Schema Reference


module.exports = {
    fields: {
        id: {
            type: "uuid",
            default: {"$db_function": "uuid()"}
        },
        name: { type: "varchar", default: "no name provided"},
        surname: { type: "varchar", default: "no surname provided"},
        complete_name: {
            type: "varchar",
            default: function() {
                return this.name + ' ' + this.surname;
            }
        },
        password_hash: "blob",
        age: "int",
        active: "boolean",
        created: {
            type: "timestamp",
            default: {"$db_function": "toTimestamp(now())"}
        }
    },
    key : [["id"],"created"],
    clustering_order: {"created": "desc"},
    materialized_views: {
        view_name1: {
            select: ["name","age"],
            key : ["age","created","id"],
        },
        view_name2: {
            select: ["name","age","active"],
            key : [["name", "id"],"created"],
            clustering_order: {"created": "desc"}
        }
    },
    indexes: ["name"],
    custom_indexes: [
        {
            on: 'complete_name',
            using: 'org.apache.cassandra.index.sasi.SASIIndex',
            options: {}
        }
    ],
    table_name: "my_custom_table_name",
    methods: {
        setPassword: function (password, callback) {
          crypto.pbkdf2Sync('secret', 'salt', 100000, 512, 'sha512', (err, hashed) => {
            if (err) { return callback(err); }
            this.password_hash = hashed;
            return callback();
          });
        }
    }
}

What does the above code means?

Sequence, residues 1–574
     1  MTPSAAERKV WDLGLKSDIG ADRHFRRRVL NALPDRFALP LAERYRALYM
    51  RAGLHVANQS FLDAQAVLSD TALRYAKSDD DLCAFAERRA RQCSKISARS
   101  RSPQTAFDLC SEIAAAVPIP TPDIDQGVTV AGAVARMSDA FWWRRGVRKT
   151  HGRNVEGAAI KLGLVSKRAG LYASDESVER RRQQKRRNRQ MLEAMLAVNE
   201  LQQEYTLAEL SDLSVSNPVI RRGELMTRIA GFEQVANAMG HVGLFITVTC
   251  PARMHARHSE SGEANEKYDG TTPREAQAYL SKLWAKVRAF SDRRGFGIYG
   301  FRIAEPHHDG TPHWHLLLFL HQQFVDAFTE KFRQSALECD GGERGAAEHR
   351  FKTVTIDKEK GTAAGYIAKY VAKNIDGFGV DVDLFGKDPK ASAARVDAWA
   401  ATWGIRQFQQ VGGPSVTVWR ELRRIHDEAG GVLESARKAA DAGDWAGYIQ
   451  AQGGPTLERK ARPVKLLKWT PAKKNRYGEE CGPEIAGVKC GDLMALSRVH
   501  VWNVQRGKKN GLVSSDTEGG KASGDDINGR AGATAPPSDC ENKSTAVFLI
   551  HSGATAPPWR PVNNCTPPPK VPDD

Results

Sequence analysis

• fields are the columns of your table. For each column name the value can be a string representing the type or an object containing more specific informations. i.e.

    • "id" : { "type": "uuid", "default": {"$db_function": "uuid()"} }, in this example id type is uuid and the default value is a cassandra function (so it will be executed from the database).
    • "name" : { "type": "varchar", "default": "no name provided"}, in this case name is a varchar and, if no value will be provided, it will have a default value of no name provided. The same goes for surname.
    • complete_name the default values is calculated from others field. When the orm processes your model instances, the complete_name will be the result of the function you defined. In the function this is bound to the current model instance. If you need to use the custom datatypes, you may use the this._get_data_types() function that will be similar to using models.datatypes but the difference is, it can be used from within a model definition. For example to return a Long value from a default function, you could use the this._get_data_types().Long class.
    • age no default is provided and we could write it just as age: "int".
    • active no default is provided and we could write it just as active: "boolean".
    • created, like uuid(), will be evaluated from cassandra using the now() function.
  • key: here is where you define the primary key of your table. As you can imagine, the array defines a compound primary key and the first value of the array is the partition key and the others are the clustering keys. The partition key itself can be an array with multiple fields. When a partition key is an array of multiple fields, it is called a composite partition key.